#IAmVanessaGuillen covered social media for months following the disappearance and brutal death of Vanessa Guillen, an SPC in the U.S. Army stationed at Fort Hood, TX. Using this hashtag, many active-duty service members and veterans have come forward to share their own personal stories about sexual harassment and assault within the military. It is a sad commentary on the military knowing that many have been harassed or assaulted, yet nothing is done to reprimand those assaulters, and nothing is put in place to protect victims.
I was a Motor Transportation Operator in the United States Marine Corps where there is the smallest number of females throughout the entire U.S. Military. Female Marines are supposed to be The Fewer, The Prouder, a take on a Marine Corps motto: “The Few, The Proud.” Female Marines have been treated horribly by their male counterparts, but also by other female Marines. Female Marines have been called horrible names and presumed useless because they are female, which make sexual harassment and assault run rampant.
I know many females, and some males, who have dealt with sexual assault and/or harassment. I am no exception. My first true encounter with harassment was when I was stationed at Camp Pendleton, CA, in my first unit. I was a PFC, a low rank within enlisted. I had been there for a little over a month when on a beautiful Friday night in October, I was walking around the barracks. I saw some mutual friends with their drunk friend. They had just gotten back from a two-week field op and were ready to drink the night away. Their friend, a male sergeant, was already drunk when I ran into them. The male sergeant saw me and started to walk towards me. He grabbed me and kept hugging me and kissing my neck while telling me how beautiful I was. I did not know what to do, so I just stood there. My friends pulled him away from me and took him back to his room.
I did not think much of the incident and chalked it up to his being drunk. I was ready to keep what happened to myself. Yet word had gotten out about the incident because he did the same thing to another female earlier that evening.
The other female and I had to press charges against the sergeant and to read our statements. The Sergeant was knocked down to Corporal, put on restriction, yet was able to stay and live at the same barracks. After everything, I overheard a male Marine talking about me and the other female. I confronted him and told him he did not know what he was talking about and to leave us alone.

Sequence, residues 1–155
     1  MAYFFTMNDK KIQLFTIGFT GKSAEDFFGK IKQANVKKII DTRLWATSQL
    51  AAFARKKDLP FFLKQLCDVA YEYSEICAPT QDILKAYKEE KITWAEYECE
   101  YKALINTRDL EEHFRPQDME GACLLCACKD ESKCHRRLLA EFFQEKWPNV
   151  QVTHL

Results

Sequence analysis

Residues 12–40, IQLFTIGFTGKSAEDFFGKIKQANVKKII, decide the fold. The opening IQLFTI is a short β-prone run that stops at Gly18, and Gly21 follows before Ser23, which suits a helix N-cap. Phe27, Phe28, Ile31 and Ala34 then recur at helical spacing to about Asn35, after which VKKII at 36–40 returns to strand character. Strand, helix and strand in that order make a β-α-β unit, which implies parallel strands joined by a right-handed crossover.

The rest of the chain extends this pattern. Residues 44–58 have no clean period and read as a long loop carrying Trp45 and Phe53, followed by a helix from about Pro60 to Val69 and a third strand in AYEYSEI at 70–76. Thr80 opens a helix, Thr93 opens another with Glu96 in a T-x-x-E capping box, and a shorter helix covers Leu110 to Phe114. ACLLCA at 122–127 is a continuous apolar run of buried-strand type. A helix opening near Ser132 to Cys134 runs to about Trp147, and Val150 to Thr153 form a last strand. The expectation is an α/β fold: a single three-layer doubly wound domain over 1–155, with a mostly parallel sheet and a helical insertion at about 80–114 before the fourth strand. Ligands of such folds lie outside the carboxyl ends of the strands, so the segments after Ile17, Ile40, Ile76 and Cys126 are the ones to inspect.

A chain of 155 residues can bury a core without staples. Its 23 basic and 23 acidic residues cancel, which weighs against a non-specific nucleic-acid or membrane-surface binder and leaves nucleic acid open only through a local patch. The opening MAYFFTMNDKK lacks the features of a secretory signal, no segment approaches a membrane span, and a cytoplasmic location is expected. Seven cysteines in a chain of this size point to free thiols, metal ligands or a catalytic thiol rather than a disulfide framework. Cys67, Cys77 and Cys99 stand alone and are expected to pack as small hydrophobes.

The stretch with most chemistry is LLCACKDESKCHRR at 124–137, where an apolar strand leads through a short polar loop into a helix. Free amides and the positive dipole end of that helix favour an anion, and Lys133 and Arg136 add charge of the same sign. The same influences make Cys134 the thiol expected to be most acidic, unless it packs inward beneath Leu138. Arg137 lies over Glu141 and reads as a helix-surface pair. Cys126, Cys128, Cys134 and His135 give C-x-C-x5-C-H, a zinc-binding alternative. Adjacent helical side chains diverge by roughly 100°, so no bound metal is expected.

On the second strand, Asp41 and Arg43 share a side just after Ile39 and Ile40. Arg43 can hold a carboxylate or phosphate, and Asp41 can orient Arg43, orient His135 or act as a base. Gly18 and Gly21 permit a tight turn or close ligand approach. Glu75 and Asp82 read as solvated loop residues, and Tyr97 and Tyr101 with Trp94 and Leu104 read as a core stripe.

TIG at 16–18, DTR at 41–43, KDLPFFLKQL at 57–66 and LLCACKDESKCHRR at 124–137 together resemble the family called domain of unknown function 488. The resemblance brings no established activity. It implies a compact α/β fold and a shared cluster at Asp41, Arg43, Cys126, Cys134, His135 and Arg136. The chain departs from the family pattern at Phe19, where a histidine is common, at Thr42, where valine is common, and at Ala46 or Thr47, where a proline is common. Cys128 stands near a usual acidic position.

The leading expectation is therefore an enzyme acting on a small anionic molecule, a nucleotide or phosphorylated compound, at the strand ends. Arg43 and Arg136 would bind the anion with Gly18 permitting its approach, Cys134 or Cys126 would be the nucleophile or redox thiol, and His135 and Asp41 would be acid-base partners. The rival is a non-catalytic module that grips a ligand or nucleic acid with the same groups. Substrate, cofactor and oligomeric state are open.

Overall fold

This incident was one of many that happened to me. I have also been stalked. It lasted for about 3–4 months. The male stalking me somehow got my number and started to text and call me. I was afraid that if I said something, I would be the one punished because I must have done something to deserve getting stalked, or I must have been a tease and led him on.
Unfortunately, I am not alone. There are many service members who have gone through what I did. Vanessa Guillen was harassed, assaulted, stalked, and beaten to death. Vanessa Guillen serves as a vicious reminder that sexual harassment and assault happen every day in the military. I know a female who has committed suicide because she was assaulted.
The military allows this to happen and does not do anything to prevent harassments, assaults, and deaths. A single incident should have been enough to put in place protections to prevent them from happening again. Many lives have been destroyed because the military does not care. My mental health has declined because of everything that has happened to me. Many other service members are trying to cope and get through the day because people decided to take advantage of them knowing that the military will not punish them. It is a sick, cruel, vicious cycle with no end in sight. Sexual harassment and assault are very real in the military. The military needs to act and stand up against it. How many more people need to die before the military changes?